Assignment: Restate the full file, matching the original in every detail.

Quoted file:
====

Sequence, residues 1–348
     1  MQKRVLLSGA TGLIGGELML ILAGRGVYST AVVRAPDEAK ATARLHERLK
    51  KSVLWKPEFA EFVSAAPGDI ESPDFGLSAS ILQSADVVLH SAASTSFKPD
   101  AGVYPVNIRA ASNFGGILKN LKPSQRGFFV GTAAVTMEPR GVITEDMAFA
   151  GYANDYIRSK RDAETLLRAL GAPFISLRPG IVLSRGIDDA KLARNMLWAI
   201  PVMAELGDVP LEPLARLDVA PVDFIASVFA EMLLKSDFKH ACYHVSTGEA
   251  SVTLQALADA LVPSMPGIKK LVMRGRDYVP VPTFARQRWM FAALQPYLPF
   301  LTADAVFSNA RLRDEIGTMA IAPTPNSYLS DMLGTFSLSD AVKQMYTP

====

Sequence, residues 1–348
     1  MQKRVLLSGA TGLIGGELML ILAGRGVYST AVVRAPDEAK ATARLHERLK
    51  KSVLWKPEFA EFVSAAPGDI ESPDFGLSAS ILQSADVVLH SAASTSFKPD
   101  AGVYPVNIRA ASNFGGILKN LKPSQRGFFV GTAAVTMEPR GVITEDMAFA
   151  GYANDYIRSK RDAETLLRAL GAPFISLRPG IVLSRGIDDA KLARNMLWAI
   201  PVMAELGDVP LEPLARLDVA PVDFIASVFA EMLLKSDFKH ACYHVSTGEA
   251  SVTLQALADA LVPSMPGIKK LVMRGRDYVP VPTFARQRWM FAALQPYLPF
   301  LTADAVFSNA RLRDEIGTMA IAPTPNSYLS DMLGTFSLSD AVKQMYTP